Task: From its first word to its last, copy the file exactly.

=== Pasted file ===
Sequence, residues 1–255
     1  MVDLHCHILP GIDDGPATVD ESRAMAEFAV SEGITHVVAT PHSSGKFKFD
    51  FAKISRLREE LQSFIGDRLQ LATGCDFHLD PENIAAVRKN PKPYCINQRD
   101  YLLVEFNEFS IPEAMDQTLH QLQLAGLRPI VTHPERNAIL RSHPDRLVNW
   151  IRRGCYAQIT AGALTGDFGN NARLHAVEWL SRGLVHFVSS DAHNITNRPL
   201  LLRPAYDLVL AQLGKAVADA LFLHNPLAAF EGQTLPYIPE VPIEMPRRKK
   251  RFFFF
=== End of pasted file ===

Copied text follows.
Sequence, residues 1–255
     1  MVDLHCHILP GIDDGPATVD ESRAMAEFAV SEGITHVVAT PHSSGKFKFD
    51  FAKISRLREE LQSFIGDRLQ LATGCDFHLD PENIAAVRKN PKPYCINQRD
   101  YLLVEFNEFS IPEAMDQTLH QLQLAGLRPI VTHPERNAIL RSHPDRLVNW
   151  IRRGCYAQIT AGALTGDFGN NARLHAVEWL SRGLVHFVSS DAHNITNRPL
   201  LLRPAYDLVL AQLGKAVADA LFLHNPLAAF EGQTLPYIPE VPIEMPRRKK
   251  RFFFF